Know the U.S. Marine who died in defense for a nation he was not a citizen of
This is the story of one U.S. Marine who died for our nation; a nation he was not a citizen of, but he sacrificed his life in defense for.
Marine Lance Corporal José Antonio Gutierrez was killed March 21, 2003 in Umm al Qasr, Iraq during the first days of the Iraq war. At the time of his death, he was not a U.S. citizen.
While his death is tragic, his life story from illegal immigrant to U.S. Marine and American hero is extraordinary.
Born in Guatemala, Gutierrez lost both of his parents at a very young age during that nation’s civil war, which span 36 years. The young child found himself living in the streets of Guatemala City until the age of 8 when he was brought in to live in an orphanage. As he grew older, he deciding to leave Guatemala, one of poorest nations in the world, seeking a better life for himself in the U.S.
In 1997, Gutierrez made the dangerous journey, more than 2,000 miles, from Guatemala to the U.S. hopping on freight trains and hitchhiking to get the U.S. border.
Here is an example of what Jose Gutierrez pilgrimage to the U.S. was like:
After surviving the long and treacherous trek, he entered the U.S. illegally but was quickly detained by authorities. Although he was 22 years old at this point, Gutierrez lied and told immigration officials he was much younger. Poor and desperate to stay in the U.S. and without documentation, family or money, he was granted asylum and given a green card because it was believed he was a minor.
He was placed in a foster home in the Los Angeles suburb of Lomita hoping to become an architect someday. However, wanting to give back to the nation who gave him so much, and dreaming of becoming a U.S. citizen, he enlisted in the U.S. Marines.
After graduating boot camp, Gutierrez was assigned as a rifleman to the 2nd Battalion, 1st Marine Regiment, 1st Marine Division, out of Camp Pendleton, Calif. In January 2003, José and his fellow Marines headed over to the Middle East to take part in the first wave of Operation Iraqi Freedom. He was killed by friendly fire during a battle with Iraqi Forces during the first days of the war.
Along with his foster family, Gutierrez left behind a sister in Guatemala who he was hoping to bring to the U.S. after he was granted U.S. citizenship. While Gutierrez never lived to see his dream of becoming an American come true, he was honored and granted American citizenship posthumously.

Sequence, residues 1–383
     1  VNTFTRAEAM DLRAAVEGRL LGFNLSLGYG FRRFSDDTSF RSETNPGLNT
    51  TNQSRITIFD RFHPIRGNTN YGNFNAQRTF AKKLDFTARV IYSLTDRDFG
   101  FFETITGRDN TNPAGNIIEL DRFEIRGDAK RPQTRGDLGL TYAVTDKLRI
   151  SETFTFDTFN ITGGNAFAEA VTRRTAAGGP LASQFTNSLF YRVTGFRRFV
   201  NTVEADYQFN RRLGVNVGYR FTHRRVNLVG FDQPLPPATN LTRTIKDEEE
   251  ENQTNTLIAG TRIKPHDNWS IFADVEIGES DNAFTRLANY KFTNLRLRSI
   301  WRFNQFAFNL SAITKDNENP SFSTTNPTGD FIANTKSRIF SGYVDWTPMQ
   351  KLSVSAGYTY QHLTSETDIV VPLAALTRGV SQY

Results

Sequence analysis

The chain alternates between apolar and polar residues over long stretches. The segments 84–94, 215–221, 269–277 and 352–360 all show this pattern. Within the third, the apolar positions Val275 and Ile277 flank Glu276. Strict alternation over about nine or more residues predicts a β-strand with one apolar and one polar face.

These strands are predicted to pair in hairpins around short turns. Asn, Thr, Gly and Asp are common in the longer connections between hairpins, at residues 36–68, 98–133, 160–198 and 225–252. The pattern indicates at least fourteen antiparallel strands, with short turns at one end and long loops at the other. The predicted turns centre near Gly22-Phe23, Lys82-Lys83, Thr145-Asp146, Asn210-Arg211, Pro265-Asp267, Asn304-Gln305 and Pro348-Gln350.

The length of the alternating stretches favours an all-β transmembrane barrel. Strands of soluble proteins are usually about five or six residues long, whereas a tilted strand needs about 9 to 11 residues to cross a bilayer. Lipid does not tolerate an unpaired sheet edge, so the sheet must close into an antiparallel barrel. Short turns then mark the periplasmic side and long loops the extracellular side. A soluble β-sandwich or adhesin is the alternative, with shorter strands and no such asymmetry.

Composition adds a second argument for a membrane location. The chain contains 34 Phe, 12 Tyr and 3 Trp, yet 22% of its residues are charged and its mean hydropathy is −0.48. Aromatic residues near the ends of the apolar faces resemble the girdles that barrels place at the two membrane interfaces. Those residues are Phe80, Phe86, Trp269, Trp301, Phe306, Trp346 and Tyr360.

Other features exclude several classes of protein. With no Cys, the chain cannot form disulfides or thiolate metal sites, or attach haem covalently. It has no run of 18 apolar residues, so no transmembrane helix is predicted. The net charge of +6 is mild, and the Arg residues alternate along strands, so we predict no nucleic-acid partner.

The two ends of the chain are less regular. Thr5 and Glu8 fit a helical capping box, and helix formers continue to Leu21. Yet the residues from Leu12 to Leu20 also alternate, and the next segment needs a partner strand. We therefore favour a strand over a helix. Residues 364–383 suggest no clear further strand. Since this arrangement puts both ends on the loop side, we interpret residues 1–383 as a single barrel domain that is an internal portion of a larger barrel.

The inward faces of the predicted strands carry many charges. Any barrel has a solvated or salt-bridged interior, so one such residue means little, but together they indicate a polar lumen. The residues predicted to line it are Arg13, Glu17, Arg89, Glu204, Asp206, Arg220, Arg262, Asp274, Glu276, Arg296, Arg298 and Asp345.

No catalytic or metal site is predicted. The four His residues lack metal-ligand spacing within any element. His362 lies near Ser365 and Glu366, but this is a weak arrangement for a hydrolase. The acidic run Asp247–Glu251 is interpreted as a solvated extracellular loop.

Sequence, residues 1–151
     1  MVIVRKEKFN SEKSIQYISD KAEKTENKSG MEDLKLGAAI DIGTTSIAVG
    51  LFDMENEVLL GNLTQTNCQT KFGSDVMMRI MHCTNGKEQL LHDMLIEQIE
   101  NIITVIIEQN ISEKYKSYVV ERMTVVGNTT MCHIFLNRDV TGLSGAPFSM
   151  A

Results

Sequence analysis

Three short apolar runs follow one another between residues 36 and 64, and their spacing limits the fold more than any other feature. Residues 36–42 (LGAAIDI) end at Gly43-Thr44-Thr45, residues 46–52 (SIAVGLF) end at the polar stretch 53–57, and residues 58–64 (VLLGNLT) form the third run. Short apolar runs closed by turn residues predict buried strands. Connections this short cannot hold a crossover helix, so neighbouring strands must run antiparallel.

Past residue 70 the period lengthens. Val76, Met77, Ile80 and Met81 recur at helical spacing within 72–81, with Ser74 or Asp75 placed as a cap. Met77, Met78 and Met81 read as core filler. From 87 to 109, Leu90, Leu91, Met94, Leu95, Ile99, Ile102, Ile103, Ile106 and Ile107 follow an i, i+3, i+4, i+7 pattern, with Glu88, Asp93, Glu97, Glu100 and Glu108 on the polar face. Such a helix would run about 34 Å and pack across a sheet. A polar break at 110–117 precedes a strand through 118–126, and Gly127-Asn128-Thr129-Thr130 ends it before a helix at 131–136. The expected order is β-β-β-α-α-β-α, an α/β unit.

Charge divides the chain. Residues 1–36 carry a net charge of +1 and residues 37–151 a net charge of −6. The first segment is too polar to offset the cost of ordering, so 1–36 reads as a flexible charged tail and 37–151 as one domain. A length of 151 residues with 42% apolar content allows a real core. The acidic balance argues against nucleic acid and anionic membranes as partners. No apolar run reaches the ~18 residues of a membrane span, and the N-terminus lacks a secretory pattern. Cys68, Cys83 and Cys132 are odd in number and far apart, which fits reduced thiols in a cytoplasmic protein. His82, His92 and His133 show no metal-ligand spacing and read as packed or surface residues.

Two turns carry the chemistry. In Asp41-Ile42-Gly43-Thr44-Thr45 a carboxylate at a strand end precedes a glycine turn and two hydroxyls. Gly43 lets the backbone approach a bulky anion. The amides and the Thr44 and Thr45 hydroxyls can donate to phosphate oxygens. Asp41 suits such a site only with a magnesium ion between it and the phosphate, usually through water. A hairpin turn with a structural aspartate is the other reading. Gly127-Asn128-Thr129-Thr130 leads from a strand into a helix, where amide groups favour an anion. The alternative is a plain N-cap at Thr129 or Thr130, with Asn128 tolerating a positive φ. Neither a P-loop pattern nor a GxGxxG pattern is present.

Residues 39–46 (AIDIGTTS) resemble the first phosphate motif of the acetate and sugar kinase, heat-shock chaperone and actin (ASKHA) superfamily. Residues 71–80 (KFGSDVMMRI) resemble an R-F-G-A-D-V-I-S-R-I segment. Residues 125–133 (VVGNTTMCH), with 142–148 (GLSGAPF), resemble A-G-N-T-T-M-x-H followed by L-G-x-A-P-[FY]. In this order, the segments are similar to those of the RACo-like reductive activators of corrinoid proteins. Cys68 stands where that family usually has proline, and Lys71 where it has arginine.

The words of the Statue of Liberty reads “Give me your tired, your poor, Your huddled masses yearning to breathe free, The wretched refuse of your teeming shore. Send these, the homeless, tempest-tossed to me, I lift my lamp beside the golden door!”
Lance Cpl. José Gutierrez is the embodiment of those profound words, and the foundation of U.S. virtues. His foster sister said at the time of his death:
“He wanted to give the United States what the United States gave to him. He came with nothing. This country gave him everything.”
He displayed his gratitude with his life.
From a child living in the streets of Guatemala City to surviving a harrowing journey to the U.S. and earning the title of U.S. Marine, Gutierrez was a fighter and a true testament of strength and will. A son of two nations, he was proud of his roots, and loved his adopted country.
Gutierrez was buried in his homeland of Guatemala.
We remember all those who gave their lives in service to this nation and let’s remember that some of them may not even be citizens of it. We will continue to remember service members like Marine Lance Cpl. José Antonio Gutierrez. Thank you for your service. Semper Fi!
Follow Alex Licea on Twitter @alexlicea82